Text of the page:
When it was released on the PC back in 2015, Cities: Skylines gave players and fans a robust, deep, complex and rewarding experience that other city-building games just couldn’t match. Now two years later the game makes its away onto this generation’s leading home console the PlayStation 4 for more city-building goodness. However Cities: Skylines made its name on the, a platform whose mouse and keyboard set up to help plan the perfect village and like many of the PC to console ports we’ve seen before this is sure to present some issue from a simple control perspective right? Well get ready to be surprised because Cities: Skylines is (almost) as good on the PS4 as it is on the computer.

The core gameplay in the PlayStation 4 Edition is entirely the same as on the original PC rendition as you must plan and build your city in order to not only keep your residents happy but also ensure that basic services like water, sewer and electricity keep running. However simply plopping down a power plant here and there is far from enough as you’ll also need to plan for a good road system that eliminates gridlock, a reliable public transit system that meets your city’s needs as well as a building a vibrant downtown core so you can attract cash-filled tourists to your humble burg.

Cities: Skylines offers two main gameplay modes, the first, which I suppose would count as the game’s ‘campaign’ has you starting with limited funds and options and building a new city from scratch while the other gives you access to all of the game’s building options from the get go along with infinite cash. While both modes are fun I found myself playing the ‘from scratch’ mode the most, mostly to avoid getting overwhelmed by the sheer amount of tools at your disposal. In fact there are so many tools, options and settings to play with that I often found myself running to a tutorial or ‘let’s play’ just to have an idea of what I was doing. I don’t even want to think of how many cities had their mayor abandon them because of a critical mistake in planning out routes or the placement of districts.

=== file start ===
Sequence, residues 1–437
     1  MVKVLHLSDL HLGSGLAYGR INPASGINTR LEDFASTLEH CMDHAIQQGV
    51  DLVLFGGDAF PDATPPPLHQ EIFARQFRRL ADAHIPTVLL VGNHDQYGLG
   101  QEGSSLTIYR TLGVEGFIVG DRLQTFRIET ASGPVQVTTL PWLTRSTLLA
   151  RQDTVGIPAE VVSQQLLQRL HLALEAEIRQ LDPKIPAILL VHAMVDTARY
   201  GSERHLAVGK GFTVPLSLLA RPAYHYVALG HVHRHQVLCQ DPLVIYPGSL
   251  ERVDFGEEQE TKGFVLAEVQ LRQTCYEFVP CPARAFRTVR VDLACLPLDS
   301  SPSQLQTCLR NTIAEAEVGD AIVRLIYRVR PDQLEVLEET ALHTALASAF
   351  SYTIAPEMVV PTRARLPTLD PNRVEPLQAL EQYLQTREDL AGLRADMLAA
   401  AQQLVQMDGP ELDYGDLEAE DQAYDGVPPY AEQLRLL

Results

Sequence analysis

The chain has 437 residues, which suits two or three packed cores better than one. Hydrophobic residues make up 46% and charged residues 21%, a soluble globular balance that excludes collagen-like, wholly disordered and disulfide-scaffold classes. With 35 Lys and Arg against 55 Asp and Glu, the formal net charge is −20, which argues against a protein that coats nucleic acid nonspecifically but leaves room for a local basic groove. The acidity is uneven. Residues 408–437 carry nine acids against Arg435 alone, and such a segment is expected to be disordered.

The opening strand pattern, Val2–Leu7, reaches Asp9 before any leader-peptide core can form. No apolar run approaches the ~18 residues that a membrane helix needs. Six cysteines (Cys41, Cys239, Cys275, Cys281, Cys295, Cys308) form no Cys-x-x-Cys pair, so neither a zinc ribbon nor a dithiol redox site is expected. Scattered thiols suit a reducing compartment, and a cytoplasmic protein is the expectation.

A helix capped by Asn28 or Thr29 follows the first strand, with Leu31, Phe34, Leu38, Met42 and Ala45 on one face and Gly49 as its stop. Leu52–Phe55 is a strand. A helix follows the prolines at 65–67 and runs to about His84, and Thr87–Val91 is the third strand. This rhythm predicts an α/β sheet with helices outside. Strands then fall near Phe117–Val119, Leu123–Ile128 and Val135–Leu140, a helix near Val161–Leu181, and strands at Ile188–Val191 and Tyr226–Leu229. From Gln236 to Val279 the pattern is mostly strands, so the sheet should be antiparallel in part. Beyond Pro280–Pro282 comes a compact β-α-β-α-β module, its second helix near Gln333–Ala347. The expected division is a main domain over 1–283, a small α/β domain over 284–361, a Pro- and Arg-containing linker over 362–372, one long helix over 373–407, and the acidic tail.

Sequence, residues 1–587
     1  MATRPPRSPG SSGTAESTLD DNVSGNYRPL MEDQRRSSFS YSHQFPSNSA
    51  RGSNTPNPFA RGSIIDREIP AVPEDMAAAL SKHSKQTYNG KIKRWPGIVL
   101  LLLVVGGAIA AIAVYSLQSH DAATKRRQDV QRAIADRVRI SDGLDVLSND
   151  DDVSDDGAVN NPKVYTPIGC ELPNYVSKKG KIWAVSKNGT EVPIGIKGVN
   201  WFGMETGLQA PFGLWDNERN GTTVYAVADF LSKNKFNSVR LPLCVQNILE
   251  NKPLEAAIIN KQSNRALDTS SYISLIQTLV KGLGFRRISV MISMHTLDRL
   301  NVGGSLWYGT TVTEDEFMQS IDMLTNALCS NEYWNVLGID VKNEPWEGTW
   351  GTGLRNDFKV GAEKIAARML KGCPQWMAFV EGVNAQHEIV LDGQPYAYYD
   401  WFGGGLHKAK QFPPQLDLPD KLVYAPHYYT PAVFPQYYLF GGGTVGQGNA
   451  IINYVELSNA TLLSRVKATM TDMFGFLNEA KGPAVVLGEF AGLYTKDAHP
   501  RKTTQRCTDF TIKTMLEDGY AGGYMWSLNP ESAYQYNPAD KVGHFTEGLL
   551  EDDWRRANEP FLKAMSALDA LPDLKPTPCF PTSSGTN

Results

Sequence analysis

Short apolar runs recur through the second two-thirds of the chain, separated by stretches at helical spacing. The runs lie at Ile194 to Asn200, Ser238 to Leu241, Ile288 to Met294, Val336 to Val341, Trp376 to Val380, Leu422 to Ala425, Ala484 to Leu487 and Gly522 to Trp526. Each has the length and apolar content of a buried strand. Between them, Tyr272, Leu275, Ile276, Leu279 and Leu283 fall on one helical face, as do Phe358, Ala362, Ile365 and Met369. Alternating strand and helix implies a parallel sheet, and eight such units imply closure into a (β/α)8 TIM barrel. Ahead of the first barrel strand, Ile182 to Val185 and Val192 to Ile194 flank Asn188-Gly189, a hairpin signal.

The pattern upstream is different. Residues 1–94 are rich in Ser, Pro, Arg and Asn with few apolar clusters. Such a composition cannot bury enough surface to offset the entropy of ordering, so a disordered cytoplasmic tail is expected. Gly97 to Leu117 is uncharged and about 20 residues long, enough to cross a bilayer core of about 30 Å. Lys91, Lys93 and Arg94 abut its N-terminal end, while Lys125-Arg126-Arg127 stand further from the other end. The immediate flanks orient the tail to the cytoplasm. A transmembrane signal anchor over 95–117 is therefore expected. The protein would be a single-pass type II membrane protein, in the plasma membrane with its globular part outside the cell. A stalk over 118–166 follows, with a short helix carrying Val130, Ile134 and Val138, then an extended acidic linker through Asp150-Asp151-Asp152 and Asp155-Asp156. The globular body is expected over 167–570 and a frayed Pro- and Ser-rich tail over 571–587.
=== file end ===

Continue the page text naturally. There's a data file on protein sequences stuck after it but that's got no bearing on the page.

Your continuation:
Thankfully, despite its inherently complex nature the game controls like a dream (yes even with a DualShock controller). After a few minutes you’ll have mastered the art of zooming (with the triggers) and rotating the camera (with the control sticks) to give you the best possible view and angle to design your city. I was really impressed with how well the developers at Tantalus managed to cram all the nuance of a full mouse and keyboard setup into a standard game controller but they pulled it off expertly. The own thing I will point out as a nagging issue is menu navigation which is clunky and even uncomfortable as you sometimes have to press and hold odd combinations of buttons to get to where you want to be.

Now remember earlier in this review when i said that this version of Cities: Skylines was almost as good as the PC one? Well the reason for that is that the PS4 Edition is lacking in one of the core features that made the computer version so good – mod support. So like the Xbox One version that released earlier this game won’t really allow you to do a lot of the crazy and unique stuff that players on the PC version have been building which makes the game feel a bit constrained in terms of the creativity you are allotted. Not to say that you can’t build some pretty darn impressive cities (Alville is a pretty great place to live IMO) but the lack of any kinds of mods just makes everything feel less experimental and a lot more safe than it needs to be.